EDEXCEL NATIONAL CERTIFICATE/DIPLOMA MECHANICAL PRINCIPLES AND APPLICATIONS NQF LEVEL 3 OUTCOME 1 - LOADING SYSTEMS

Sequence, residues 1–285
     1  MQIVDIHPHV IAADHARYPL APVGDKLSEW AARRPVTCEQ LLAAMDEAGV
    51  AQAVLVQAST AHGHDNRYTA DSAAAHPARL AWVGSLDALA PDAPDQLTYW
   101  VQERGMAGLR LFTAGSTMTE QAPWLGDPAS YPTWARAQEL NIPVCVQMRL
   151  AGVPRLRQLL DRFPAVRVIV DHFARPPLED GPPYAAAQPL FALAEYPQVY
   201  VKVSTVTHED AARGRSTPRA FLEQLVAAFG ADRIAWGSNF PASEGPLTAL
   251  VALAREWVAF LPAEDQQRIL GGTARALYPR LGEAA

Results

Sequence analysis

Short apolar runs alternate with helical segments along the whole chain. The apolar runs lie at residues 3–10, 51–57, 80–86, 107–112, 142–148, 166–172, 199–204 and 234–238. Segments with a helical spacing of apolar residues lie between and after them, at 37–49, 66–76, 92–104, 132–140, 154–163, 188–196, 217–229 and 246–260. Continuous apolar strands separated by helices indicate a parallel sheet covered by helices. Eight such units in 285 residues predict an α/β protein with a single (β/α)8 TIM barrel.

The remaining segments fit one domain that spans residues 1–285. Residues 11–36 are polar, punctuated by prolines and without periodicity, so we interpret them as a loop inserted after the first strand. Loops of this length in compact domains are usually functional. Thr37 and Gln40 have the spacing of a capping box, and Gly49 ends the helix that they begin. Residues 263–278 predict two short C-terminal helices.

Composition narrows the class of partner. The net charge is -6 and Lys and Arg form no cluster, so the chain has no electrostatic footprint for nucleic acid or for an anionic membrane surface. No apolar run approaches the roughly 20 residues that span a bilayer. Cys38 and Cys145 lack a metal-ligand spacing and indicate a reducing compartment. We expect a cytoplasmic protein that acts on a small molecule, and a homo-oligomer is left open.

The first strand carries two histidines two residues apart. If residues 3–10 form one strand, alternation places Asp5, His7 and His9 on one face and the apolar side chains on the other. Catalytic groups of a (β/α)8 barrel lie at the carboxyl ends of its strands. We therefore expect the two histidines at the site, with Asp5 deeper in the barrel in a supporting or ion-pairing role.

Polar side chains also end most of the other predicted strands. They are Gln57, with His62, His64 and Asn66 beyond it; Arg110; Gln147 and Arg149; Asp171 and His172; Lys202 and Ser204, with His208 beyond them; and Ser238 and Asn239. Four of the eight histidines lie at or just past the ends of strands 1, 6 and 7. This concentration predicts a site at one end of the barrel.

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1 EDEXCEL NATIONAL CERTIFICATE/DIPLOMA MECHANICAL PRINCIPLES AND APPLICATIONS NQF LEVEL 3 OUTCOME 1 - LOADING SYSTEMS TUTORIAL 1 NON-CONCURRENT COPLANAR FORCE SYSTEMS 1. Be able to determine the effects of loading in static engineering systems Non-concurrent coplanar force systems: graphical representation e.g. space and free body diagrams; resolution of forces in perpendicular directions e.g. F x = F Cosθ, F y = F Sinθ, vector addition of forces, conditions for static equilibrium (Σ F x = 0, Σ F y = 0, Σ M = 0), resultant, equilibrant, line of action Simply supported beams: conditions for static equilibrium; loading (concentrated loads, uniformly distributed loads, support reactions) Loaded components: elastic constants (modulus of elasticity, shear modulus); loading (uniaxial loading, shear loading); effects e.g. direct stress and strain including dimensional change, shear stress and strain, factor of safety INTRODUCTION First let's explain what the title of this tutorial means. It relates to the idea of forces acting on a body. Concurrent Forces means that the forces all act at a single point like that illustrated where all the force acting on the cube pass through the centre. Non - concurrent means the forces do not act at a single point. In this case the cube is likely to revolve as a result of the moments created. Non - concurrent coplanar means that the force act in different lines but only on one plane, in other words two dimensions only. There will be a resultant force and a resultant moment of force but only in the plane of the paper. Just in case you don't know how to draw a force vector, let's cover it next. If you already understand vectors then go straight to the next section. D.J.Dunn 1